After this period, his work superficially moves closer to the cover versions.  For example:

  • Ocean’s Eleven (2001) is his classical, beautiful big-budget entertainment
  • The Good German (2006) is his post war film noir
  • Side Effects (2013) is his Adrian Lyne style erotic thriller

And Solaris is his sci-fi thriller and Haywire, his James Bond action flick.  There’s no denigration in calling these genre exercises; they are the work of an artist desperate to stimulate himself.  There’s an easy tendency to praise the body of work as a whole over the worth of individual pictures, but dig into the filmography and there’s so much pleasure to be found.

There’s a profound difference between the two movies in the use of their lead actors.  Solaris is a film clearly sold on the premise that George Clooney is more appealing to watch than any CGI space station.  The film is in love with his face.  It stares out into the audience as we project upon it our desires and hopes.  Haywire treats its star as far more disposable… in all likelihood because Gina Carano is no star.  But curiously, and given the sleaze (particularly against women) that promulgates spy films, Carano’s body is rarely objectified, instead it is crushed and splintered and smothered in greasepaint.  Whereas Clooney’s arse is repeatedly shown on screen.  For Carano’s character, sex is an unintimate act; it is professional and necessary and completely impersonal.  Contrastingly, Clooney is explicitly dripping with desire, and the narrative depends on his lust for a creature who both is and isn’t his wife.  In a sense, it doesn’t matter to him, such is his desire to taste his forgotten spouse.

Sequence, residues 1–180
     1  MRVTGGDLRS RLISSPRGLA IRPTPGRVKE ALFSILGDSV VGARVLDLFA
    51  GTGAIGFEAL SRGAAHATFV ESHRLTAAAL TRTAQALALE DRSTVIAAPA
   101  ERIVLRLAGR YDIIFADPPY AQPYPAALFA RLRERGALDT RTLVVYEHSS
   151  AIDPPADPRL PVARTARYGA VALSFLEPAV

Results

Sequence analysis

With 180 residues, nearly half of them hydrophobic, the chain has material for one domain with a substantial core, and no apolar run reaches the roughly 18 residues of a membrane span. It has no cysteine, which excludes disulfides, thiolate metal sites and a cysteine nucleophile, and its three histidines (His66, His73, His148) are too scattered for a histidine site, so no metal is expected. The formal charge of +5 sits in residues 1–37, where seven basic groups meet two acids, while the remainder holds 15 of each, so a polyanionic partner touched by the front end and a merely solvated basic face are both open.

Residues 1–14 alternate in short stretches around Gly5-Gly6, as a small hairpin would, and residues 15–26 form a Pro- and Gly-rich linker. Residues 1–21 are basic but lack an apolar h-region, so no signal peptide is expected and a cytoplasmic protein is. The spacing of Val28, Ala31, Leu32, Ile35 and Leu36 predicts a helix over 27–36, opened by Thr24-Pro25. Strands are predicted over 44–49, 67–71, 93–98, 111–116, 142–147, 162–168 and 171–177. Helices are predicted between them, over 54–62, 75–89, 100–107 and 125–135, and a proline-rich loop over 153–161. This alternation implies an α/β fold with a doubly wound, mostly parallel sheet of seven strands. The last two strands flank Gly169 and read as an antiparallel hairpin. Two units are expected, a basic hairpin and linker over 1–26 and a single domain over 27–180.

As he extended his career, Soderbergh became more and more concerned with the representation of memory on screen.  He is obsessed with depicting how the art of editing is the closest thing we have to describing the enormous complexity of our minds.  Heavily influenced by the work of Nic Roeg, and in particular Don’t Look Now (1973), his films became more and more non-linear; at times this was playful, at other necessary and at others yet, superfluous.  He employed dislocated sounds and images that contrasted with each other, extended flashbacks and highly colour-co-ordinated scenes to demonstrate the muddle of moments that can pop up within our heads.  One of the more powerful moments in Solaris comes from the lingering looks Clooney and McElhone give each other in a lift; it underlines how we are all capable of transposing entire hopes onto the microgestures of others, and how we replay these moments again and again in our minds.